Working Towards an Advanced, Inclusive, and Socially Responsible AI Framework

Working Towards an Advanced, Inclusive, and Socially Responsible AI FrameworkThree Lessons from O’Reilly’s AI ConferenceBenjamin KinsellaBlockedUnblockFollowFollowingApr 30Roger Chen (left), CEO of Computable, and Ben Lorica (right), Chief Data Scientist at O’Reilly Media, introducing keynote speakersBecoming a DataKind volunteer has awarded me a unique opportunity to bring together my interests in data science and social impact.

For this reason, I was thrilled to be able to attend the 2019 O’Reilly AI Conference in New York City during which I was able to learn from AI practitioners, research scientists, and business strategists from around the world.

In brief, the conference showcased how AI is moving from research labs to mainstream applications, insofar that there is urgent need for an interdisciplinary dialogue across sectors.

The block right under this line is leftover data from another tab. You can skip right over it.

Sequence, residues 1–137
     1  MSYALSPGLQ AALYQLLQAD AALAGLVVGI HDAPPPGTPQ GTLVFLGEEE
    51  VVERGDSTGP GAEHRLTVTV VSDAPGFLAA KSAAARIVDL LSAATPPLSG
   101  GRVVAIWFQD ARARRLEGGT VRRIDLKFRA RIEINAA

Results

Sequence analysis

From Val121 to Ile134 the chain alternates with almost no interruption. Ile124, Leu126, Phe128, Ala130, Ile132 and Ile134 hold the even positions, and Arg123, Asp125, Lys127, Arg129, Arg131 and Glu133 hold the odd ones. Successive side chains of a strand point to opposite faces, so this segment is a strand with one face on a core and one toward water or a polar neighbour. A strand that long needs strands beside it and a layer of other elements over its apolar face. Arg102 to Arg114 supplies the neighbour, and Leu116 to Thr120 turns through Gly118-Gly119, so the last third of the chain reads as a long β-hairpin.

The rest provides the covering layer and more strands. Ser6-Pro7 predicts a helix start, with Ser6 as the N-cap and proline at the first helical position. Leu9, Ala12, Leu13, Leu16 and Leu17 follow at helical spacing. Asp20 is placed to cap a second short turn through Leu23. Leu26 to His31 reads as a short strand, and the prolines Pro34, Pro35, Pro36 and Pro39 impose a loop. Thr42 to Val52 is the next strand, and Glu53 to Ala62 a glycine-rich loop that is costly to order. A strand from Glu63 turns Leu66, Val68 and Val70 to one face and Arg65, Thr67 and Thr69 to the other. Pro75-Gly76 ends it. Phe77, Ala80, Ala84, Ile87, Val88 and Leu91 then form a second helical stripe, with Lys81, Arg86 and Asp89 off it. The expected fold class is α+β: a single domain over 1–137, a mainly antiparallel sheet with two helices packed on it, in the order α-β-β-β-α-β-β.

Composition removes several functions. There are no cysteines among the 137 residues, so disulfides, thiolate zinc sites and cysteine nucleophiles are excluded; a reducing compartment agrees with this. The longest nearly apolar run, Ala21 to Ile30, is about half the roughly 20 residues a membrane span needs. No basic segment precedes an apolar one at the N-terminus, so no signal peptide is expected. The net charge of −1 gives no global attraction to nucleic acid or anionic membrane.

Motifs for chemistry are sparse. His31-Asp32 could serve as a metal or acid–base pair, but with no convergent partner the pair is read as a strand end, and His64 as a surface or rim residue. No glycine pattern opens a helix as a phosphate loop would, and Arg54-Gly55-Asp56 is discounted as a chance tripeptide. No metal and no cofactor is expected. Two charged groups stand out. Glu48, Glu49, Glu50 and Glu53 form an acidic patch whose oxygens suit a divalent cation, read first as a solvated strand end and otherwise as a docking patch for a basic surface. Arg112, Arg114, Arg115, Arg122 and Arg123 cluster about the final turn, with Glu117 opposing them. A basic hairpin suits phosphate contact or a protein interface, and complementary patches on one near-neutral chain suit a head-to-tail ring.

Furthermore, listening to these presentations was a reminder of my own work with DataKind.

Volunteering with the Rockefeller Foundation and Google.

org, for example, I have observed firsthand the many challenges social organizations face regarding AI integration and deployment.

That is, it can be incredibly difficult for nonprofits to hire machine learning talent, build data-driven systems, and identify how AI can be applicable to their work.

As I attended the O’Reilly Conference and reflected on my own data experiences, I was able to better understand the importance of interdisciplinary teams and the need to close the gap between AI experts and social organizations, a goal that DataKind is committed to achieving.

As a collective, there were many takeaways at the O’Reilly AI Conference, particularly those pertaining to advanced AI systems, the need for inclusive and diverse teams, and opportunities to use AI for social good.

Below I expand on each of these takeaways and describe how they have been emulated in the field.


There is a need to develop more mature and advanced AI systems.

First, a common theme across presentations centered on the new phases of deep learning, focusing on both the limits and opportunities of AI.

For example, Dr.

Aleksander Madry, Associate Professor of Computer Science at MIT, maintained in his keynote presentation that our current AI systems are insufficiently secure, unpredictable, and often biased.


Madry calls for “AI 2.